An important question in alpine skiing is how to determine characteristics of well-performed ski turns, an issue that has become more crucial with the arrival of new carving skis. This article introduces a new method for estimating the quality of skiing at each point of observation based on mechanical energy behavior that can be measured using established motion analysis techniques. It can be used for single-or multiple-skier analyses for evaluation of skiing technique as well as racing tactics. An illustration of its use is shown by analyzing 16 top-level racers using a 3-D kinematical system and video recorded during an alpine ski world cup race. Based on energy behavior of several racers, it is demonstrated that the most direct line with shortest radius of turn is not necessarily the most effective strategy in contrast to what some coaches believe.
Matej Supej and Hans-Christer Holmberg
This study examined whether gate setup and turn radii influence energy dissipation in slalom skiing. 3D kinematical measurements were performed over two runs on the same slope in a WC slalom competition with two different gate setups: 1) open gates (OG) and 2) open gates with a delayed gate (DG). Using the arithmetic mean of the skis’ turn radii (R AMS) the slalom turns were divided into 1) initiation phase (R AMS > 15m) and steering phase (R AMS < 15m). The results show differences between OG and DG regarding: 1) the absolute center of gravity’s (CG) velocity, 2) absolute acceleration, 3) CG turn radii and R AMS, 4) ground reaction forces (F) and 5) energy dissipation during skiing (all p < .05). In both gate setups the highest F and the highest energy dissipation were present in the steering phase, whereas the correlation between R AMS and energy dissipation was low (OG: r = .364 and DG: r = .214, both p < .001). In summary, compared with plain open gates, an additional delayed gate prolonged the turn radii and decreased energy dissipation in the beginning of the initiation phase, despite the fact that the relative frequency of occurrence of the highest energy dissipation was higher in DG.
Matej Supej, Kim Hébert-Losier, and Hans-Christer Holmberg
Numerous environmental factors can affect alpine-ski-racing performance, including the steepness of the slope. However, little research has focused on this factor. Accordingly, the authors’ aim was to determine the impact of the steepness of the slope on the biomechanics of World Cup slalom ski racers.
The authors collected 3-dimensional kinematic data during a World Cup race from 10 male slalom skiers throughout turns performed on a relatively flat (19.8°) and steep (25.2°) slope under otherwise similar course conditions.
Kinematic data revealed differences between the 2 slopes regarding the turn radii of the skis and center of gravity, velocity, acceleration, and differential specific mechanical energy (all P < .001). Ground-reaction forces (GRFs) also tended toward differences (P = .06). Examining the time-course behaviors of variables during turn cycles indicated that steeper slopes were associated with slower velocities but greater accelerations during turn initiation, narrower turns with peak GRFs concentrated at the midpoint of steering, more pronounced lateral angulations of the knees and hips at the start of steering that later became less pronounced, and overall slower turns that involved deceleration at completion. Consequently, distinct energy-dissipation-patterns were apparent on the 2 slope inclines, with greater pregate and lesser postgate dissipation on the steeper slope. The steepness of the slope also affected the relationships between mechanical skiing variables.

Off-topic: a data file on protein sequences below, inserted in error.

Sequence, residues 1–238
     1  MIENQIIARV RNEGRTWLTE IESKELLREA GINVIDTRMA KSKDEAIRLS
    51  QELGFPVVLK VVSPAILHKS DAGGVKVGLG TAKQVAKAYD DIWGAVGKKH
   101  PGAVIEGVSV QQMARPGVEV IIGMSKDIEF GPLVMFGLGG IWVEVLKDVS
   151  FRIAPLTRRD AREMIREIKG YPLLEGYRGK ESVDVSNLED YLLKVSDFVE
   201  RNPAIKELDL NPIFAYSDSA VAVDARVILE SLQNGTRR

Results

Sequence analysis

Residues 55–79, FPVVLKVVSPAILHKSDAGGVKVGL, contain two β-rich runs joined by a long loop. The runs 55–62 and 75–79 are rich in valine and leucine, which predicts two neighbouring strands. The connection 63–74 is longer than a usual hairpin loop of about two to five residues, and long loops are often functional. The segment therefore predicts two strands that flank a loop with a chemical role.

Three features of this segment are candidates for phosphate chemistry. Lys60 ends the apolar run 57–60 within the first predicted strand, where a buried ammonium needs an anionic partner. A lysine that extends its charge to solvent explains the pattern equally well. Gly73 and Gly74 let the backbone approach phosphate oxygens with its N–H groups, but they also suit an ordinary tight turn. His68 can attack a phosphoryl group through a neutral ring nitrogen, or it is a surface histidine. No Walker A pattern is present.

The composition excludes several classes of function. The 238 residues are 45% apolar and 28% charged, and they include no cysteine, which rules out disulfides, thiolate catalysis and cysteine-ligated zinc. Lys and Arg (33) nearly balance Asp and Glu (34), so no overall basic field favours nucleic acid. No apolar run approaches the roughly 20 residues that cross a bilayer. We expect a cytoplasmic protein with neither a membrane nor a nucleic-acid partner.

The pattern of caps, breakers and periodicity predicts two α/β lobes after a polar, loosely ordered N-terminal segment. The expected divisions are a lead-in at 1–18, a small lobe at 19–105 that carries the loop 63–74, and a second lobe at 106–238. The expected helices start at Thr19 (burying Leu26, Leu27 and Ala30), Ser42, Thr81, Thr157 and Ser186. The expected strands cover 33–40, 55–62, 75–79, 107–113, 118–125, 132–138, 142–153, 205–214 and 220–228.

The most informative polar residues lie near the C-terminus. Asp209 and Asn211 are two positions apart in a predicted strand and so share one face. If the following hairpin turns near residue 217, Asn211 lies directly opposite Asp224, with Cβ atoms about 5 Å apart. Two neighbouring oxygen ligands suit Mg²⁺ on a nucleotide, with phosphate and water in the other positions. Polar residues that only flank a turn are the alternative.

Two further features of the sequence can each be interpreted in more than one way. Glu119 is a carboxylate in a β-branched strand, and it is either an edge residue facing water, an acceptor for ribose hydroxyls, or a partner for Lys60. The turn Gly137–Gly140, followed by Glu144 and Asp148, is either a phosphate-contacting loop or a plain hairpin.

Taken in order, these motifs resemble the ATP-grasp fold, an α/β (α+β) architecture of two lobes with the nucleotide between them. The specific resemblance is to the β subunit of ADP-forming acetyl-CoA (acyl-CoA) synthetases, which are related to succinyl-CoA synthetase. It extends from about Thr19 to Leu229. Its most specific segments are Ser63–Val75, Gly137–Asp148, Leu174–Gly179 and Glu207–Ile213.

The findings suggest that specific considerations during training and preparation would benefit the race performance of slalom skiers on courses involving sections of varying steepness.
Øyvind Sandbakk, Silvana Bucher Sandbakk, Matej Supej, and Hans-Christer Holmberg
This study examined the influence of turn radius on velocity and energy profiles when skidding and step turning during more and less effective downhill turns while cross-country skiing. Thirteen elite female cross-country skiers performed single turns with a 9- or 12-m radius using the skidding technique and a 12- or 15-m radius with step turning. Mechanical parameters were monitored using a real-time kinematic Global Navigation Satellite System and video analysis. Step turning was more effective during all phases of a turn, leading to higher velocities than skidding (P < .05). With both techniques, a greater radius was associated with higher velocity (P < .05), but the quality of turning, as assessed on the basis of energy characteristics, was the same. More effective skidding turns involved more pronounced deceleration early in the turn and maintenance of higher velocity thereafter, while more effective step turning involved lower energy dissipation during the latter half of the turn. In conclusion, the single-turn analysis employed here reveals differences in the various techniques chosen by elite cross-country skiers when executing downhill turns of varying radii and can be used to assess the quality of such turns.